When it comes to marketing strategies, metrics matter! While it is crucial to know leads generated, etc. there are also other factors to monitor. Here are some of the metrics we work with our clients to observe, understand, and then implement lessons learned into future marketing efforts.
ROI (return on investment) – ROI is a tool of measurement that is used to calculate effectiveness and value of an investment. It shows the gain or the loss of investment by comparing and measuring the amount of return on investment with the cost of the investment.
CPA or CPC – CPA stands for one of the following; Cost Per Acquisition, Cost Per Action while CPC stands for Cost Per Click or Cost Per Conversion. CPA/CPC is determined by a simple formula the number of pre-defined actions taken divided by the total cost of that campaign. This is an easy and straightforward way to get a quick gauge on how the campaign is performing. Remember, if a potential client doesn’t see value in your ad/campaign they won’t take that pre-defined action. Always provide value.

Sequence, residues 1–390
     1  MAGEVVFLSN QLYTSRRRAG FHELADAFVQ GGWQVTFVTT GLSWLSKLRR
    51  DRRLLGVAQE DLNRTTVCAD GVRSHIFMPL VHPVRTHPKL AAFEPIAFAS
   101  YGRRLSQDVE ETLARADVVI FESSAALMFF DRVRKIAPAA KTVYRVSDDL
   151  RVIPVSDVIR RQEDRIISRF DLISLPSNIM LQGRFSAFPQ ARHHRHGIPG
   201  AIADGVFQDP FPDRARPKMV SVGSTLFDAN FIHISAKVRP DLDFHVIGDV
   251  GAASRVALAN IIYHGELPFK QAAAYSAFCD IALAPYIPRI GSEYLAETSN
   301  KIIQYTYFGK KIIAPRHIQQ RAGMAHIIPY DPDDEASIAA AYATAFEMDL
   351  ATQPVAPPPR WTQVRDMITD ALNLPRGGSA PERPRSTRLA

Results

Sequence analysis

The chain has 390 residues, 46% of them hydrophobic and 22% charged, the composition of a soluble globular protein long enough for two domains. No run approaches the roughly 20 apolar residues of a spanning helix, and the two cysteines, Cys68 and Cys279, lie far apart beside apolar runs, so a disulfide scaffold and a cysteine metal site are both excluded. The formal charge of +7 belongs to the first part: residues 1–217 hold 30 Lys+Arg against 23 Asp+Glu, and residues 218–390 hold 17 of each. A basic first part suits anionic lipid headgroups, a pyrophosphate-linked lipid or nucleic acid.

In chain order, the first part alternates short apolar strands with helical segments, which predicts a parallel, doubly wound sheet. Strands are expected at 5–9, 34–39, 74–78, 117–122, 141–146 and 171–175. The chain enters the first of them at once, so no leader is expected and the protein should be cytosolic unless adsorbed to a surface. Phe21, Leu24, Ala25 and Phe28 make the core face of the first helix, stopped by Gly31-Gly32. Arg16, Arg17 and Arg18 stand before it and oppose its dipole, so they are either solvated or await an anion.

ROAS (return on advertising spend) – ROAS is a tool that is used to measure the profit made from advertising. It is a useful metric to evaluate the marketing campaign performances, due to it measuring how much revenue you will be receiving back on every dollar you spend on advertising. Using the ROAS formulas helps you gain specific and precise performance measurements based on each marketing network executed. As an example, you can apply ROAS to certain and specific campaigns and/or ad groups to receive a better perspective on the best direction of optimization on unprofitable advertising. The formula for this strategic marketing tool is ROAS = (Ad revenue/ Cost of ad source). Divide revenue received from the advertisement by the cost of the advertisement.
CLV (customer lifetime value) – The Customer Lifetime Value (CLV) metric is used to determine the economic value a customer brings to your business for the entirety of the time they are your customer. This specific metric takes into consideration everything from their first interaction to their end and final purchase with your business. This is imperative in determining whether there is additional value in long-term marketing opportunities. To determine the CLV, you take the CV and multiply it by the customer’s duration with your company.
Know your business and know your tools. With the knowledge of both, you are sure to succeed.